As of this morning’s announcement, the SCA is committed to creating the Order of Masters of Defence as the “fourth peerage”; recipients will be able to style themselves “Master” or “Mistress” (I expect “Maestro” will be popular) and the badge of the order will be a white or silver “livery collar“, which is a late-Medieval/early-Renaissance emblem of rank. It’s been a long time coming — the debate as to whether or not live-steel fighters “deserve” a Peerage of their own has been happening for at least as long as I’ve been in the SCA, and doubtless a lot longer. And you know what? I support it wholeheartedly.
This is where I’m coming from: I am not a Rapier fighter in the SCA. I’m a “heavy” fighter, an Armoured Combat fighter. I really have no interest in SCA Rapier fighting because I like to hit things, as hard and as fast as I can. But I have worked with Rapier fighters, especially those with an interest in longsword work, because there’s a lot to learn from studying period techniques and if there’s one thing that irritates me about SCA armoured combat it’s the casual (even dismissive) attitude that some people show towards technique. So I’m aware that there are fundamental differences between the fighting forms… and between the attitudes of the people who participate in them. I respect the Rapier fighters because even though they’re doing something different than what I’m doing, I can recognize the validity of their efforts and the genuine skill they’re trying to develop. Just because it’s different doesn’t mean it’s inferior, which is a fact sometimes forgotten.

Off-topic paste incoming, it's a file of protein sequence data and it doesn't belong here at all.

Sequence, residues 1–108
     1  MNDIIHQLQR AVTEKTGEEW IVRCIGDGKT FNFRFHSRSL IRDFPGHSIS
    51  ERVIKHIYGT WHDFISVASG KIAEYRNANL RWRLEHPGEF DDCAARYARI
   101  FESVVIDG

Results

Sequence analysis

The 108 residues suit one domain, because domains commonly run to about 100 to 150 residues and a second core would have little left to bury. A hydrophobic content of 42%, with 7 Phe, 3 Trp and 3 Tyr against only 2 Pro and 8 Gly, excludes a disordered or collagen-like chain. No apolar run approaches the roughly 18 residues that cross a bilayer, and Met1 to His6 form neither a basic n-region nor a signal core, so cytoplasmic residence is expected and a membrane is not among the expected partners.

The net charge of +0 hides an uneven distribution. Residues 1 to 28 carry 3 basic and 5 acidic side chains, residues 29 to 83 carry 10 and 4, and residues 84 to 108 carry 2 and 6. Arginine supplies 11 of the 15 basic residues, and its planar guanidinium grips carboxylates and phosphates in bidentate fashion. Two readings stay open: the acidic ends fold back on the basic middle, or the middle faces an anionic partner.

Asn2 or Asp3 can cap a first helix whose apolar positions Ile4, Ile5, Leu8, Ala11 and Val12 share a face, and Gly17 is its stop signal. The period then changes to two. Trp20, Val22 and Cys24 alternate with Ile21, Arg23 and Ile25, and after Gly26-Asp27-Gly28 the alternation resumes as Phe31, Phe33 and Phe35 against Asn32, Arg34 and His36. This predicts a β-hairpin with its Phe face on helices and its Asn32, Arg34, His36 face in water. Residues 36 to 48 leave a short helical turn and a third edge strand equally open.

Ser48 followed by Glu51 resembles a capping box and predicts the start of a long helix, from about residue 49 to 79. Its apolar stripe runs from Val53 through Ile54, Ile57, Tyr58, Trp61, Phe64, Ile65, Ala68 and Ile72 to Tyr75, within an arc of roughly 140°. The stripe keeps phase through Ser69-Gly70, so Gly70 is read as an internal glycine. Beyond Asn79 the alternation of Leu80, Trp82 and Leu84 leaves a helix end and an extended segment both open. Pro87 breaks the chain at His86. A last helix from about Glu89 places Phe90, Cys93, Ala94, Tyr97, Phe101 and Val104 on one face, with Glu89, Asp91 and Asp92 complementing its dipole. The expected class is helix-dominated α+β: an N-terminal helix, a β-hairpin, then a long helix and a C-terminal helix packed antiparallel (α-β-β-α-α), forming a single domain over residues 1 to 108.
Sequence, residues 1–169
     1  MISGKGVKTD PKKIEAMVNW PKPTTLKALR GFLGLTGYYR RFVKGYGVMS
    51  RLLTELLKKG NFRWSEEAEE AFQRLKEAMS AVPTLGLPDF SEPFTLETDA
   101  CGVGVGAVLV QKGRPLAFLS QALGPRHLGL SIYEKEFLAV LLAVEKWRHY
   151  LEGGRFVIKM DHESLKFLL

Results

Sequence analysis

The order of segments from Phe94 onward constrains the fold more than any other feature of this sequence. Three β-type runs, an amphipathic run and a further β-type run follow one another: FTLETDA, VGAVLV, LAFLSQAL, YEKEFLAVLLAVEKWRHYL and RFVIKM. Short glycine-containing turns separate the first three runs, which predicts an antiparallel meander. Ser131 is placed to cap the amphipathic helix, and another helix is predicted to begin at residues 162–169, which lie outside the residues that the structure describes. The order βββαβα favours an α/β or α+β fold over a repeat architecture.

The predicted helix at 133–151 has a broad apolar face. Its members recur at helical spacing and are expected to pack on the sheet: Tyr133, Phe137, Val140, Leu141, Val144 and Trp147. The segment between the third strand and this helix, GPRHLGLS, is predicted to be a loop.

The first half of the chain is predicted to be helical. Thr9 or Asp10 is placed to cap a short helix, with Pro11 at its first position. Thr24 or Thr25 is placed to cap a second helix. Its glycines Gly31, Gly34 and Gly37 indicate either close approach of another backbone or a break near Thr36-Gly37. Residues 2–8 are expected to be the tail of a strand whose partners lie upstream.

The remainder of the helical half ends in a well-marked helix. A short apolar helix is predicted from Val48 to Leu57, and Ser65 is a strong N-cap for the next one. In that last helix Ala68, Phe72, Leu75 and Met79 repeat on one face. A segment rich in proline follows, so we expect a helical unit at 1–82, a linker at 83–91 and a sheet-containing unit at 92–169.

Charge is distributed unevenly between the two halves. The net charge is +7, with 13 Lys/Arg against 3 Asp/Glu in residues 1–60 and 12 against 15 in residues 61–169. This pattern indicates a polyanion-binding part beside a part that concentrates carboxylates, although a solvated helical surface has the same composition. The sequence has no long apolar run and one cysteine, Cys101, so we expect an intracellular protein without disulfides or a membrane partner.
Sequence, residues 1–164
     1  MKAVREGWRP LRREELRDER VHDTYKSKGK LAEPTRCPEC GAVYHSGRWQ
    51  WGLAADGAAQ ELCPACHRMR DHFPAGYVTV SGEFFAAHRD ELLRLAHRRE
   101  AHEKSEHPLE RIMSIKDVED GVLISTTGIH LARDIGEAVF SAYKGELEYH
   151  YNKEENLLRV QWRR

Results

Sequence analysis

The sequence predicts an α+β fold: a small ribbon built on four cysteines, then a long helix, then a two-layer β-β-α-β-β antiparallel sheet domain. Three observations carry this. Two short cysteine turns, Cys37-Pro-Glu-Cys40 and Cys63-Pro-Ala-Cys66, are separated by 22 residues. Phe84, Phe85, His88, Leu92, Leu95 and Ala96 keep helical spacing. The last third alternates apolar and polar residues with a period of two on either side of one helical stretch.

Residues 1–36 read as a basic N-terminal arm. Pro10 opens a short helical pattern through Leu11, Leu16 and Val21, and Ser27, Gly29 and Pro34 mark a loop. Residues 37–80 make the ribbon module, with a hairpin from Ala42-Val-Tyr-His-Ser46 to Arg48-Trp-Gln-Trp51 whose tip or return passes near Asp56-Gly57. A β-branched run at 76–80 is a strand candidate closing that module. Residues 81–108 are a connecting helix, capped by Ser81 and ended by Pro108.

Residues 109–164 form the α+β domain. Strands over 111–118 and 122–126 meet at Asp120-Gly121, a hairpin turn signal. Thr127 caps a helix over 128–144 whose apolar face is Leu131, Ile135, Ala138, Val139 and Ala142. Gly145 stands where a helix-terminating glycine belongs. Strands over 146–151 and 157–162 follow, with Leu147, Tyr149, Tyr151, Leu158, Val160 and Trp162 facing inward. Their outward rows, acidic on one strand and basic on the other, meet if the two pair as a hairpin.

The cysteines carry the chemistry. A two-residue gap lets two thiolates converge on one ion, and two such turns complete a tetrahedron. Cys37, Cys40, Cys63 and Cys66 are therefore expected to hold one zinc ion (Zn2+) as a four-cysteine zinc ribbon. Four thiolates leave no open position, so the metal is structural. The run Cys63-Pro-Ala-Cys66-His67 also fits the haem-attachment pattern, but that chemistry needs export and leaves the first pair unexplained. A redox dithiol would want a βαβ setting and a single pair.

And I think that this move to create The Order of Masters of Defence is an acknowledgement that the efforts of the live steel enthusiasts are just as valid as those of us who fight with rattan. The Society grows and changes, and the rules have to grow and change with it; today’s announcement is a step in the right direction.